A valuable reception

Lord Norton

I and other bloggers attended a reception this evening – held in the River Room of the House of Lords, courtesy of the Lord Speaker – to mark the third birthday of Lords of the Blog.   We welcomed many of you who comment regularly on the blog and were free to join us.  Apart from hearing various recommendations, there was also a (low-tech) suggestions box.  It will be interesting to see what suggestions were made for developing the blog. 

It was good to see so many faces, even though we did not know what blogging names to put to the faces.  I recognised one or two of those who were present – not least competition winners such as  Jonathan and Dave H  – but otherwise anonymity was maintained.  I was impressed by the relative youth of the audience.   I had to chair another meeting immediately after the reception, so I did not get a piece of the birthday cake.  I am told by one or two of my students, who nobly stayed to get a slice, that it was rather rich.

Since Lords of the Blogs started, we have had over 530,000 page views, with the traffic increasing in recent months.  Over 80% of our audience is UK based, but we also have a good overseas readership, our biggest overseas audience being in the USA, followed by Germany, France, Canada and New Zealand.   There have been more than 1,260 posts and in excess of 15,000 comments.  I gather I have contributed the most posts.   The post attracting the most comments was my recent post on the debate on a Royal Commission on Drugs.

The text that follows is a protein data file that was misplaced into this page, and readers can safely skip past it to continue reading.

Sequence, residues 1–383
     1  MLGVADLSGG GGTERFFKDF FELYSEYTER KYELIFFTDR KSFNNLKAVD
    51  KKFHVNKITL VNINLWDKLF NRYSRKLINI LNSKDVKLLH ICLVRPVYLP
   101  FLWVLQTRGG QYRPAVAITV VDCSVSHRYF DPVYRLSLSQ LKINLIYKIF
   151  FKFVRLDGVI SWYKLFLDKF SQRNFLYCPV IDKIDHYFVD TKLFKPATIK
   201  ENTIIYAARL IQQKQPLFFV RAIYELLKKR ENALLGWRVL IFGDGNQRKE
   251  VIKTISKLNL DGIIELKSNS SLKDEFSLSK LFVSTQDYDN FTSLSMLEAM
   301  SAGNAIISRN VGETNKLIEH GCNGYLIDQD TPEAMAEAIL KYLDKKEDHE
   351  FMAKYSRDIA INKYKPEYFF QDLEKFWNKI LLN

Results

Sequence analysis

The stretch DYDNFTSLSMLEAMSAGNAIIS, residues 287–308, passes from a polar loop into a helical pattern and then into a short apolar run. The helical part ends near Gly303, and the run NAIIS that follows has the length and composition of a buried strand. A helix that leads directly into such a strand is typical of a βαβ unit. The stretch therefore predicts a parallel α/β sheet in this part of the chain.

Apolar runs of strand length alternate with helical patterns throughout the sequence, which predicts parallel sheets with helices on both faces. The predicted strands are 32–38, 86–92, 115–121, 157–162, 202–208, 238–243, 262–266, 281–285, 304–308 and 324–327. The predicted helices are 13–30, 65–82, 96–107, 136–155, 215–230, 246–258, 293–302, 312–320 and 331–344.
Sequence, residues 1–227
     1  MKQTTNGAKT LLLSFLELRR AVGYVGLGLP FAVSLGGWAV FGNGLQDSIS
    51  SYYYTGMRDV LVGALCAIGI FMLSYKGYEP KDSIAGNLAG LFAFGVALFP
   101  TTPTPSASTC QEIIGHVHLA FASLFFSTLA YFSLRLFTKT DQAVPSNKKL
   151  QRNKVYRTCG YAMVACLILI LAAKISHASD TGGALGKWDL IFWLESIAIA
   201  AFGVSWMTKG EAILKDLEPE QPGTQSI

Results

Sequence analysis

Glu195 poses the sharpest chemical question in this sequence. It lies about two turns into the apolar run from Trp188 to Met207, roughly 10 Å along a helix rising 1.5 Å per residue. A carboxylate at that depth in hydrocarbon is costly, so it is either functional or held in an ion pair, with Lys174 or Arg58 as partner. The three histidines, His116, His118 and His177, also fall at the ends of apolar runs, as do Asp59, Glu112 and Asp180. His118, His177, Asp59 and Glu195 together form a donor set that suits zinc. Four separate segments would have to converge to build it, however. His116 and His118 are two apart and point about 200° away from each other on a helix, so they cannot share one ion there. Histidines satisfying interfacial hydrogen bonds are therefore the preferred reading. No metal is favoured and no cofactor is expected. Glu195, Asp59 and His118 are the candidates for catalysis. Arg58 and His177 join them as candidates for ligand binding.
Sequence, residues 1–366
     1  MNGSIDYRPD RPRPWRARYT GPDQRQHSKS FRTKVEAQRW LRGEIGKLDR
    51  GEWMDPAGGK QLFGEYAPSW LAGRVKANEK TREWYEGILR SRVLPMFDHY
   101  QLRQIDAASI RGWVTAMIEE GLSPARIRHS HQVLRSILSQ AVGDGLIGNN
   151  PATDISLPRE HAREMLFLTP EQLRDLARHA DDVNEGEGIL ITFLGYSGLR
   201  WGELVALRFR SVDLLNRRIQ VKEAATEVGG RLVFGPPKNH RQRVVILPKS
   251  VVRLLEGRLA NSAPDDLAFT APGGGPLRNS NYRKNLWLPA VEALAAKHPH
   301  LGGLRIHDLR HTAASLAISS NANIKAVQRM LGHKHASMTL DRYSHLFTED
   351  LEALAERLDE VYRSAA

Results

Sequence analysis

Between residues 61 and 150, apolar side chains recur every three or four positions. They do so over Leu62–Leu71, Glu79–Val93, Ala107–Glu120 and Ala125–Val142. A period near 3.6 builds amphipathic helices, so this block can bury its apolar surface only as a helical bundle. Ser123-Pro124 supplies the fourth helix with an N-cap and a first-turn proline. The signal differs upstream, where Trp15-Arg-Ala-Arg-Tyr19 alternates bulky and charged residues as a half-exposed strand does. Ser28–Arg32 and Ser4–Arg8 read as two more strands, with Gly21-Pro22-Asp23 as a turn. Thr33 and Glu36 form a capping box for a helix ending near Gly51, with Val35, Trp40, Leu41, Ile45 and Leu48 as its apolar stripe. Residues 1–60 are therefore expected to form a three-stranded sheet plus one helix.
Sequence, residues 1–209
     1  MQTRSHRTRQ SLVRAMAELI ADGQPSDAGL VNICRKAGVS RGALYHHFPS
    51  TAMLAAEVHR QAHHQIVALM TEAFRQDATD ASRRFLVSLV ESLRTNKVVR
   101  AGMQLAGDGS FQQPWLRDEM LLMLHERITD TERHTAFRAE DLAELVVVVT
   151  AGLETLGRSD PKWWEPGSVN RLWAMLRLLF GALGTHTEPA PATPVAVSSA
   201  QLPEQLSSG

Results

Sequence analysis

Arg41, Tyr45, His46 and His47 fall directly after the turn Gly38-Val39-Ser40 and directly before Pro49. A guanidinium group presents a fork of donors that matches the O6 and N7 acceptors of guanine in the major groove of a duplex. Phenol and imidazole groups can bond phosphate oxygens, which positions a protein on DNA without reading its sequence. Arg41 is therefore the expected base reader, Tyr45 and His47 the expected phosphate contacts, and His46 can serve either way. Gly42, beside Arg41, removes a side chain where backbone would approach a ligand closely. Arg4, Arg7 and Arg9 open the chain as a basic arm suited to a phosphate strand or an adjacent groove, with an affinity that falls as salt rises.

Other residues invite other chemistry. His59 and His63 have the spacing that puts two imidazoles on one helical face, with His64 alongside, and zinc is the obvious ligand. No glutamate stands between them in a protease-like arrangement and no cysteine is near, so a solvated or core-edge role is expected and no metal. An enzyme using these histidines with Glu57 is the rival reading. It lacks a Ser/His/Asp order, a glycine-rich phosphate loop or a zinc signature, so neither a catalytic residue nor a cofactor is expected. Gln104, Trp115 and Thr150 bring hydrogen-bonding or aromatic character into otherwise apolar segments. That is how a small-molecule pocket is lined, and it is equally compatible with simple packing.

A point I stressed was that the blog is very much a means of two-way communication.  We are keen to keep readers informed of what we are doing and what is happening in the Lords, but we are also keen to get your input.  This can help shape our thoughts and actions.  The blog has been mentioned fifteen times already in the Lords and has been crucial to two of the debates I have initiated, one on public consultations and the other on a Royal Commission on drug use and possession.  Some of the informed comments have also influenced my stance on other issues. 

Obviously, not everyone who comments regularly was able to join us this evening, so do feel free to post suggestions.  And do please keep contributing your comments.  We read what you write and learn from it.

26 comments for “A valuable reception

  1. emilyryall
    16/03/2011 at 10:30 pm

    I really enjoyed the evening. Thank you for the invite – my first experience of the house of lords. Just wish it had gone on for longer. I will definitely try to contribute more now I realise they actually get read!

  2. Dave H
    16/03/2011 at 10:35 pm

    I never got chance to ask you if/when the weekly quiz is going to be reinstated.

    It was a good meeting, and hello to everyone I met there. If I didn’t talk to you, I was wearing the white shirt and no jacket (just as well, it was really hot in there).

    Yes, the cake was good.

    • Lord Norton
      Lord Norton
      18/03/2011 at 4:38 pm

      Dave H: Watch this space.

  3. Gareth Howell
    17/03/2011 at 8:10 am

    Belated apologies for absence; there was a really good film in the West end which I just couldn’t miss.